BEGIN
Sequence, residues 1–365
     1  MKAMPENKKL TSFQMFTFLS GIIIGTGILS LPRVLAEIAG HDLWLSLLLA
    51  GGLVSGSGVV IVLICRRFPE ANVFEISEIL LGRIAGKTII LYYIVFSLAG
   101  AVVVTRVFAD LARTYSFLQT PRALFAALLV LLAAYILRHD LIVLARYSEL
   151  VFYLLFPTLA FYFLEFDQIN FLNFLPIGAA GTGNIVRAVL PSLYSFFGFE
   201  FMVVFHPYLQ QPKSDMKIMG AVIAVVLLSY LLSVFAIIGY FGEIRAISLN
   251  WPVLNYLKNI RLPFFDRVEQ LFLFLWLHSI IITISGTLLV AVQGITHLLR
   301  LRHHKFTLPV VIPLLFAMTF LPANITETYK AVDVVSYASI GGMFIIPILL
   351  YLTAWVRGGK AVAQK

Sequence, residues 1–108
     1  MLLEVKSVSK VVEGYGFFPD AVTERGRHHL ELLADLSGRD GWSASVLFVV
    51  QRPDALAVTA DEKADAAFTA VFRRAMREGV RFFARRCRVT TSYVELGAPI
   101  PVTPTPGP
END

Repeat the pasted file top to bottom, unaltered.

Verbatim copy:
Sequence, residues 1–365
     1  MKAMPENKKL TSFQMFTFLS GIIIGTGILS LPRVLAEIAG HDLWLSLLLA
    51  GGLVSGSGVV IVLICRRFPE ANVFEISEIL LGRIAGKTII LYYIVFSLAG
   101  AVVVTRVFAD LARTYSFLQT PRALFAALLV LLAAYILRHD LIVLARYSEL
   151  VFYLLFPTLA FYFLEFDQIN FLNFLPIGAA GTGNIVRAVL PSLYSFFGFE
   201  FMVVFHPYLQ QPKSDMKIMG AVIAVVLLSY LLSVFAIIGY FGEIRAISLN
   251  WPVLNYLKNI RLPFFDRVEQ LFLFLWLHSI IITISGTLLV AVQGITHLLR
   301  LRHHKFTLPV VIPLLFAMTF LPANITETYK AVDVVSYASI GGMFIIPILL
   351  YLTAWVRGGK AVAQK

Sequence, residues 1–108
     1  MLLEVKSVSK VVEGYGFFPD AVTERGRHHL ELLADLSGRD GWSASVLFVV
    51  QRPDALAVTA DEKADAAFTA VFRRAMREGV RFFARRCRVT TSYVELGAPI
   101  PVTPTPGP